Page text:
Understanding ZTNA: A Comprehensive Guide

Many organizations are looking to ZTNA to replace their private Multiprotocol Label Switching (MPLS) WAN connections and provide a secure way for employees to connect to corporate applications over the public Internet. This makes the business more agile and flexible, reducing risk from threats like lateral movement across networks.


When you use ZTNA to secure multi-cloud and hybrid environments, you achieve isolation by separating application and network access. This means that connecting to a network does not automatically grant you access to applications, eliminating the risk of malware-compromised users moving laterally across your organization’s networks. ZTNA verifies and validates connecting devices’ identity and security posture before providing access to applications on a need-to-know basis. Unlike perimeter-based solutions that treat all users and devices the same, this approach removes overly permissive access that could enable malicious actors to gain lateral movement inside the organization, making detecting them difficult. This approach also eliminates the need to open inbound firewall ports for application connectivity, cloaking enterprise resources from end-user devices and the Internet. This significantly reduces the organization’s digital attack surface and prevents exposure to DDoS, malware, and other online threats. The question is, what is ZTNA? ZTNA is an agent-based or agentless solution and can be deployed on-premise or in the cloud. In agent-based versions, an agent is installed on the end-user device to communicate with a service in the cloud that brokers the connection. In service-based ZTNA, all traffic goes through the broker in the cloud to ensure only authorized connections are made. Both approaches can support both managed and unmanaged devices.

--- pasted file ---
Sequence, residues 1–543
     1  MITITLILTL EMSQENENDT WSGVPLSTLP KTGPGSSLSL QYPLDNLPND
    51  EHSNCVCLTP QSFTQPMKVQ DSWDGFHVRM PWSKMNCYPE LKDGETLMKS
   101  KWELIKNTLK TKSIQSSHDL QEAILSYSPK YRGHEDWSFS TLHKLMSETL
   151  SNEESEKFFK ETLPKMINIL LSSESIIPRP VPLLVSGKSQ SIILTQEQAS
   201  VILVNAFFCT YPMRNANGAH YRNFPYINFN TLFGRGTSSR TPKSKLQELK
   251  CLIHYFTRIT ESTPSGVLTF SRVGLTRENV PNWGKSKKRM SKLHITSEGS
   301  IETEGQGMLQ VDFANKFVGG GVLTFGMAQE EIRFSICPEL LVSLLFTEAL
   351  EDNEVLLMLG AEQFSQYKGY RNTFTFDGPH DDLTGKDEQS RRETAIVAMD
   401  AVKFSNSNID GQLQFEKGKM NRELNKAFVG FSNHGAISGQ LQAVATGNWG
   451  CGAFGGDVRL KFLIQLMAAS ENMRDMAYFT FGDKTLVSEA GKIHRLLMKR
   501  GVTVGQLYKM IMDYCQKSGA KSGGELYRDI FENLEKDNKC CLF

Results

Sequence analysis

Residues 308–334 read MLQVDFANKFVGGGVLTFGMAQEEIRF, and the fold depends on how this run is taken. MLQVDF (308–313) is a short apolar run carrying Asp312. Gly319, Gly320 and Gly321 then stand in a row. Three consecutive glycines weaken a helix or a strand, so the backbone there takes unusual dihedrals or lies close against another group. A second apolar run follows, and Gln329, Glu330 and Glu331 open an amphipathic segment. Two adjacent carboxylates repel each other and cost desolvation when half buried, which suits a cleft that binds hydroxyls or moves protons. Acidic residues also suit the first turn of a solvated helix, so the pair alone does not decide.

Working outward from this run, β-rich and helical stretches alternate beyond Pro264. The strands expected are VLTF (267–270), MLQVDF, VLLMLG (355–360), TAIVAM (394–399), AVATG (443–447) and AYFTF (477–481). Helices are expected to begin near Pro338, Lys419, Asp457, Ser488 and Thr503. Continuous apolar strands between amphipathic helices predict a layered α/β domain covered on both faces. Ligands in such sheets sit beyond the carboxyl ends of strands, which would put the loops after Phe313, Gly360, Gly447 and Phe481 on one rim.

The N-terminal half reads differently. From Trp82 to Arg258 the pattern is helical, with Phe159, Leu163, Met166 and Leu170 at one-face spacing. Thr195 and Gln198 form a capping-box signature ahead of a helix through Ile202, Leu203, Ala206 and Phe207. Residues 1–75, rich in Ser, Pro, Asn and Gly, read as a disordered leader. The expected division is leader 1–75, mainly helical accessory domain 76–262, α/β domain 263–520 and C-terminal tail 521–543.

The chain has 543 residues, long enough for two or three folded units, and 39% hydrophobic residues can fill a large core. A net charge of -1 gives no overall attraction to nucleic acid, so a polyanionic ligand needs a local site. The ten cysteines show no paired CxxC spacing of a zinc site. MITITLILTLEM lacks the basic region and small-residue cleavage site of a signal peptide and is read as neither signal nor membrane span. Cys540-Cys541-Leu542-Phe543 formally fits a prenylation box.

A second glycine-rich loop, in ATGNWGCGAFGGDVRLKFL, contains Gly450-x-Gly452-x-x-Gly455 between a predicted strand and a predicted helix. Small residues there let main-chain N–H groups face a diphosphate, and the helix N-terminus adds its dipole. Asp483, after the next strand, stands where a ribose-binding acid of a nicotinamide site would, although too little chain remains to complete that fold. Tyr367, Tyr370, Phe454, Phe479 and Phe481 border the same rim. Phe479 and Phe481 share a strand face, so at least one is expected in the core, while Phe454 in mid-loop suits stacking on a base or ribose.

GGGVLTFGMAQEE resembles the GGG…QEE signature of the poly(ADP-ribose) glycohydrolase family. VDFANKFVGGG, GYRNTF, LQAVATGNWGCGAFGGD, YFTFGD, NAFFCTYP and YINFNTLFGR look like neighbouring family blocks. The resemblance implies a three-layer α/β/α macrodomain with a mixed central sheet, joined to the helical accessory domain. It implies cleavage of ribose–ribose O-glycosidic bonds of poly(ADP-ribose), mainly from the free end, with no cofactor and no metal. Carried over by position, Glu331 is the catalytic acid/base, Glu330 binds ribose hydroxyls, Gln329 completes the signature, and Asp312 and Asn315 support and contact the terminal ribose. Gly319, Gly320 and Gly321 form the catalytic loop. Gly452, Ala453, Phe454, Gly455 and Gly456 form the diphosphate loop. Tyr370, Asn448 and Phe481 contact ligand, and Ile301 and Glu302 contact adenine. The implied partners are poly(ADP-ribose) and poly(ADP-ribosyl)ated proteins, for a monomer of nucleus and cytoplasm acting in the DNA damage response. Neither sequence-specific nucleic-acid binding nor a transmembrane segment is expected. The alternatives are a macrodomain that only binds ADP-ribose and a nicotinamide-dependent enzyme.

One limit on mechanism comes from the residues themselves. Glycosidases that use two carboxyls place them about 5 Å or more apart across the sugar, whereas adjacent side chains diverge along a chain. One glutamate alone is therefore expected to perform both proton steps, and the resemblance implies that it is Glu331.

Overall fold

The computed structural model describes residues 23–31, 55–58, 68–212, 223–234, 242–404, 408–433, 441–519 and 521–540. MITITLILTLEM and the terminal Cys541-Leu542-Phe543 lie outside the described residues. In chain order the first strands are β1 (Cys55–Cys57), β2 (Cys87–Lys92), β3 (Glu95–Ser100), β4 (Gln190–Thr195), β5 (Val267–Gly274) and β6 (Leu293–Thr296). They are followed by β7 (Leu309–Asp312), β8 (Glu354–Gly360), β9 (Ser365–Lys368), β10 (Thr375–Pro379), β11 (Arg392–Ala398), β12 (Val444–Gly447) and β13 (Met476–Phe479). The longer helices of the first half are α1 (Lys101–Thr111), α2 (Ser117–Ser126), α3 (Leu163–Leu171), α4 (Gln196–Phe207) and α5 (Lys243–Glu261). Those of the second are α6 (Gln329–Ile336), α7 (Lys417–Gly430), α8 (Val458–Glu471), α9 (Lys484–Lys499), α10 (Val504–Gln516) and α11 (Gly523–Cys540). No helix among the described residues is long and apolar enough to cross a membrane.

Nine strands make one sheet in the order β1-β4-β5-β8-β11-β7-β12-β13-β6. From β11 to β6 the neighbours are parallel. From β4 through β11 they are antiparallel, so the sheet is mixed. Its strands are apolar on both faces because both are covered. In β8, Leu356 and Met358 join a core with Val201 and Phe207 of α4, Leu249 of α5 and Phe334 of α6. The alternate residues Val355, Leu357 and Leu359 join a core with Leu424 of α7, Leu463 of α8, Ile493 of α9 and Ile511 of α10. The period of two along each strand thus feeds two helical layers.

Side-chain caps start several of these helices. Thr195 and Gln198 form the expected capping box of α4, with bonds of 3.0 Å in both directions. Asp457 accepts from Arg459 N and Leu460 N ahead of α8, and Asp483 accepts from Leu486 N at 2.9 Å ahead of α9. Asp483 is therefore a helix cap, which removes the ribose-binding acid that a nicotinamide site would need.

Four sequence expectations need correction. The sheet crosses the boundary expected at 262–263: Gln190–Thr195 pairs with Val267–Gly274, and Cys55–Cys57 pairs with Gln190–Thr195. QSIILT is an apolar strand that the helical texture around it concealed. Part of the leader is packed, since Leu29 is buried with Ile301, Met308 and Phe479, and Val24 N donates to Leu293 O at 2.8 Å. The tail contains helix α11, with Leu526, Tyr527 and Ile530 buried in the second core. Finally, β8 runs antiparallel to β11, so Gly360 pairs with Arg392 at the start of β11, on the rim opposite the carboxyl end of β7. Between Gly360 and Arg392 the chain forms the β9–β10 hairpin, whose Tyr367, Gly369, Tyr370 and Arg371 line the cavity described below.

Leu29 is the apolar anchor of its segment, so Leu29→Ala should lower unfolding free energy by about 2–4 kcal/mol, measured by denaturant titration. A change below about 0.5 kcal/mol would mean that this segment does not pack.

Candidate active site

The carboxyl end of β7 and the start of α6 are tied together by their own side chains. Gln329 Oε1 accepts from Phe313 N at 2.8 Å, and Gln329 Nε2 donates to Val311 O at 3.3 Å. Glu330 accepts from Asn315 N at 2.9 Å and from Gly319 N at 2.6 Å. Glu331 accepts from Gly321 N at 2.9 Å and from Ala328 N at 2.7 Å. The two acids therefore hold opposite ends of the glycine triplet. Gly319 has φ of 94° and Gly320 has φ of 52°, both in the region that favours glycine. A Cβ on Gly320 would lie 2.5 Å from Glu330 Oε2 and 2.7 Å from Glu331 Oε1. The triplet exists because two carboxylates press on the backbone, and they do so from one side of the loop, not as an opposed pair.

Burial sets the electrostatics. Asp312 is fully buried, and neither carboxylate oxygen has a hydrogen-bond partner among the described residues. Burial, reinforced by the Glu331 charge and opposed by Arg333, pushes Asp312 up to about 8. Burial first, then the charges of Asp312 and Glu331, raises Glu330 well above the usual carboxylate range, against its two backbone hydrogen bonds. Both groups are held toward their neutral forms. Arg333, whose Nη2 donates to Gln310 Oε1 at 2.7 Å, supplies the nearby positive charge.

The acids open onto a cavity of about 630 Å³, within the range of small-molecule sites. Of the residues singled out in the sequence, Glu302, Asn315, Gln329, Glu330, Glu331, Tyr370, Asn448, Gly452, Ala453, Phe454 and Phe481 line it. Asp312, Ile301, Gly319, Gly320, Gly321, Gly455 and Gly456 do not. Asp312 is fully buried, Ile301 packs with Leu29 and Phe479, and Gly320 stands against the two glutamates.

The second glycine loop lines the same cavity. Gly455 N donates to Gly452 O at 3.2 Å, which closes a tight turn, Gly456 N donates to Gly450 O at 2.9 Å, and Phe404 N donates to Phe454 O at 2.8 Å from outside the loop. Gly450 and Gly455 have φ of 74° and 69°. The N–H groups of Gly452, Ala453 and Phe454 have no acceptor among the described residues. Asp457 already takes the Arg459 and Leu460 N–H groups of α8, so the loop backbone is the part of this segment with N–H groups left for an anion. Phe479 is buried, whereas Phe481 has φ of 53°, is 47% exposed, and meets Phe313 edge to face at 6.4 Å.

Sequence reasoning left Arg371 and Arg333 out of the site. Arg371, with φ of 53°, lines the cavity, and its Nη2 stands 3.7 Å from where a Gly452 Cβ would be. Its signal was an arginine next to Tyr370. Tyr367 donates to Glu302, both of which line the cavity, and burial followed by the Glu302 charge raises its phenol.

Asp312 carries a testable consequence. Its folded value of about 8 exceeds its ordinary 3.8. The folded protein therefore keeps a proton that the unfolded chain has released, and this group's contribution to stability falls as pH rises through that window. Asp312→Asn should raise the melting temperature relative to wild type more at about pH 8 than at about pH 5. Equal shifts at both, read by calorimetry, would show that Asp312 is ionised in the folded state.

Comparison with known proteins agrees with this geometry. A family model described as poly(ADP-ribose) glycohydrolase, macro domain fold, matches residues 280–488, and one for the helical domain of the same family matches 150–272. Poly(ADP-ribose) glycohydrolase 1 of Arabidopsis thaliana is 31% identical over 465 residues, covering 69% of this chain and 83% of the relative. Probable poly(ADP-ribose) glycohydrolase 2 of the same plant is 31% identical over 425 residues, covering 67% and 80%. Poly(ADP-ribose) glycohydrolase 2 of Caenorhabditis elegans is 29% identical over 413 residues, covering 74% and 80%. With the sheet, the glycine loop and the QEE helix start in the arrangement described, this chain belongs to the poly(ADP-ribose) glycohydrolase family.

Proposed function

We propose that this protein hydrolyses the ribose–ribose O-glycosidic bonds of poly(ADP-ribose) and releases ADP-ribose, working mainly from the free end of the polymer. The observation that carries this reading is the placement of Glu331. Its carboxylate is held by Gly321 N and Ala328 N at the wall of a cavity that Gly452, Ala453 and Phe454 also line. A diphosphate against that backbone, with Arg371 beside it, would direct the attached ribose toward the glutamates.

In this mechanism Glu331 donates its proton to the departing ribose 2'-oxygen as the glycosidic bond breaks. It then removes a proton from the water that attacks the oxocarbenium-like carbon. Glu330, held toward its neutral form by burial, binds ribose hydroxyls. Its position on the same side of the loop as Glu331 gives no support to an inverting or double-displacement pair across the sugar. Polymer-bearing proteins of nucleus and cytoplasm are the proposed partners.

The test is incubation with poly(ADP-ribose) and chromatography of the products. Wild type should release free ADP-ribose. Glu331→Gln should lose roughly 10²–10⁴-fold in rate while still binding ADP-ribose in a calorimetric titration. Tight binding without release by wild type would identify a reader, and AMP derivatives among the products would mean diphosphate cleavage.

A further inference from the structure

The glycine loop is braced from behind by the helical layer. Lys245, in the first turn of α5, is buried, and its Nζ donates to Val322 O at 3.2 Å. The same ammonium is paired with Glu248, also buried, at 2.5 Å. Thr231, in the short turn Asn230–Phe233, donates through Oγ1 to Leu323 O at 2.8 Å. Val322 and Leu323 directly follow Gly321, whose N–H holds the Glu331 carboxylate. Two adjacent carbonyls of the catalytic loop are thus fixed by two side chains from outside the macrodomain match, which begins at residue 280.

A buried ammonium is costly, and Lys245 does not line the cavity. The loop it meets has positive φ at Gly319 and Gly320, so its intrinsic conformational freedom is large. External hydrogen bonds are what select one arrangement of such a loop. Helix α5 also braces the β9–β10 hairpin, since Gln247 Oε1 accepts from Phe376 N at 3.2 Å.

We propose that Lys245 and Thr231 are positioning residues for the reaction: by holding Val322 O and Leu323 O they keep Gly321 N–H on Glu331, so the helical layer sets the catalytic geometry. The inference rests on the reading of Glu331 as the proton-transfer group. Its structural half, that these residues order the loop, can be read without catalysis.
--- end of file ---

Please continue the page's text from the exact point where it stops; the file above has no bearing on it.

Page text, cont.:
Permissions are authorizations granted to users that enable access to specific resources on a network, such as data files, applications, and devices. The permissions designate the type of access, for example, whether a user can read data without modifying it (read-only) or is allowed to write to that data. Permissions are also known as privileges. Regarding ZTNA, permissions are critical in determining a device’s or user’s trustworthiness. Unlike traditional VPNs that offer device-centric security, zero trust networking takes a more contextual approach to access control, assessing the reliability of every new flow based on policies set at policy enforcement points (PEPs). These PEPs can be software clients running on protected nodes — including endpoints, physical servers, virtual machines, and containers — or they can be appliances and gateway servers, or they can even be cloud-delivered services. Organizations can deploy and manage their ZTNA or choose to use a service-initiated model that requires a lightweight ZTNA connector in front of business applications on-premise or cloud providers. The connector authenticates the user or other application, and then traffic is routed through the ZTNA service provider for security and performance reasons. It’s a good choice for organizations that want to avoid deploying or managing a stand-alone ZTNA solution, and it’s beneficial for unmanaged or BYOD devices, such as consultants or partners.